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Pagosa men: Become a WATCH D.O.G.

By Lauri Heraty
Special to The SUN

Photo courtesy Lauri Heraty Organizers expected a good, but small, turnout at the elementary school on April 17. The event and program, however, drew a full house, with more than 200 dads, grandpas, uncles, father figures and kids gathered to hear about WATCH D.O.G.S.® (Dads Of Great Students), a new program being implemented at the school.

Photo courtesy Lauri Heraty
Organizers expected a good, but small, turnout at the elementary school on April 17. The event and program, however, drew a full house, with more than 200 dads, grandpas, uncles, father figures and kids gathered to hear about WATCH D.O.G.S.® (Dads Of Great Students), a new program being implemented at the school.

More than 80 dads, grandpas, uncles and father figures gathered with their kids at Pagosa Springs Elementary School on Wednesday, April 17, to hear about WATCH D.O.G.S.® (Dads Of Great Students), a new program being implemented at the school.

Nearly 200 guys and kids enjoyed pizza and a presentation by Bret Burrows, director of Pathways to Responsible Fatherhood Advocate for Archuleta County.

WATCH D.O.G.S. is an innovative male role model program that began in 1998 in a single school in Springdale, Ark. It has since grown into a nationally-recognized program that has brought hundreds of thousands of fathers and father figures into our nation’s classrooms and hallways.

WATCH D.O.G.S. has created millions of “in school” volunteer hours and continues to have a tremendously positive impact on the educational process. Today more than 2,811 schools in 46 states plus DC participate in WATCH D.O.G.S.

The goal of WATCH D.O.G.S. is to provide positive male role models for the students, demonstrating by their presence that education is important, as well as provide extra sets of eyes and ears to enhance school security and reduce bullying.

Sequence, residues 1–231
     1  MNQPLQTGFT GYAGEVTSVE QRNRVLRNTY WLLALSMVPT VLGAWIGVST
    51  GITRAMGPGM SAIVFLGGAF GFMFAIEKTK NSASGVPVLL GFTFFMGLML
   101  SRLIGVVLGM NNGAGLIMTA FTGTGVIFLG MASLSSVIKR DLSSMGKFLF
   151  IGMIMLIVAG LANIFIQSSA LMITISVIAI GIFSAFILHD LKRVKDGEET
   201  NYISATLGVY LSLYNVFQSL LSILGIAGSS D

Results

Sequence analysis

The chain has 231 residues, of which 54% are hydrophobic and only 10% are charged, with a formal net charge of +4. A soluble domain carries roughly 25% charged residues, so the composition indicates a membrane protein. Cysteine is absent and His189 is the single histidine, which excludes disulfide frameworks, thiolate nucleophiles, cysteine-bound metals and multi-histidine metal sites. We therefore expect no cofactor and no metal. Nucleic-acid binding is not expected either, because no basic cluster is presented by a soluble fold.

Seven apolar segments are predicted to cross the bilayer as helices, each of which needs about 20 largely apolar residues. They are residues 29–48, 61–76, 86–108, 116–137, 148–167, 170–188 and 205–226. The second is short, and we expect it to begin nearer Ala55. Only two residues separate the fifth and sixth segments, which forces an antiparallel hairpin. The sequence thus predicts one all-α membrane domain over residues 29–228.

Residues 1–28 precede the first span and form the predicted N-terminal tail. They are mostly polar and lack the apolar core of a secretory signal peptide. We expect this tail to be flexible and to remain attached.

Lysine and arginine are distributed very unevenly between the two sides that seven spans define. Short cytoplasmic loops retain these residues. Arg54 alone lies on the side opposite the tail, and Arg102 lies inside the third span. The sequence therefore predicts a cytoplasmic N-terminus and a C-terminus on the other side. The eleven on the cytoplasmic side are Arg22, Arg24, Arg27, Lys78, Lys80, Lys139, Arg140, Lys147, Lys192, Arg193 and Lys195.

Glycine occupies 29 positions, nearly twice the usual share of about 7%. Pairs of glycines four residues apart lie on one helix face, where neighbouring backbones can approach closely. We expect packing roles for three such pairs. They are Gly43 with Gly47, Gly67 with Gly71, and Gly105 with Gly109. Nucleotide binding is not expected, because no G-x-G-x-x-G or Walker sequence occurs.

Dads, grandpas, uncles and father figures volunteer for as little as an hour or, if time permits, a half day or more, involved in a variety of tasks including monitoring the school entrance, assisting with unloading and loading of buses and cars, monitoring the lunch room, or helping in the classroom with a teacher’s guidance by working with small groups of students on homework, flashcards or spelling.

Unfortunately, bullying is all too frequent in our schools and kids are starting at younger and younger ages. There just aren’t enough eyes on the playground and in the lunch room to catch it all. Sometimes, all it takes is the presence of a WATCH D.O.G. to redirect potentially harmful behavior. Something as simple as shooting baskets or throwing the football with kids during recess can have a huge impact on the outcome of their time on the playground. Even sitting down at the lunch table while kids are eating is helpful. Kids get used to seeing the same adults at school and love the opportunity to see a new face.

To get involved in being a WATCH D.O.G., contact Bret Burrows (Fatherhood Advocate, Archuleta County DHS) at 264-2182, Ext. 227, or e-mail bburrows@archuletacounty.org. A background check and fingerprints are required and, other than that, just the desire to help make a difference in our kids’ lives.

This story was posted on May 2, 2013.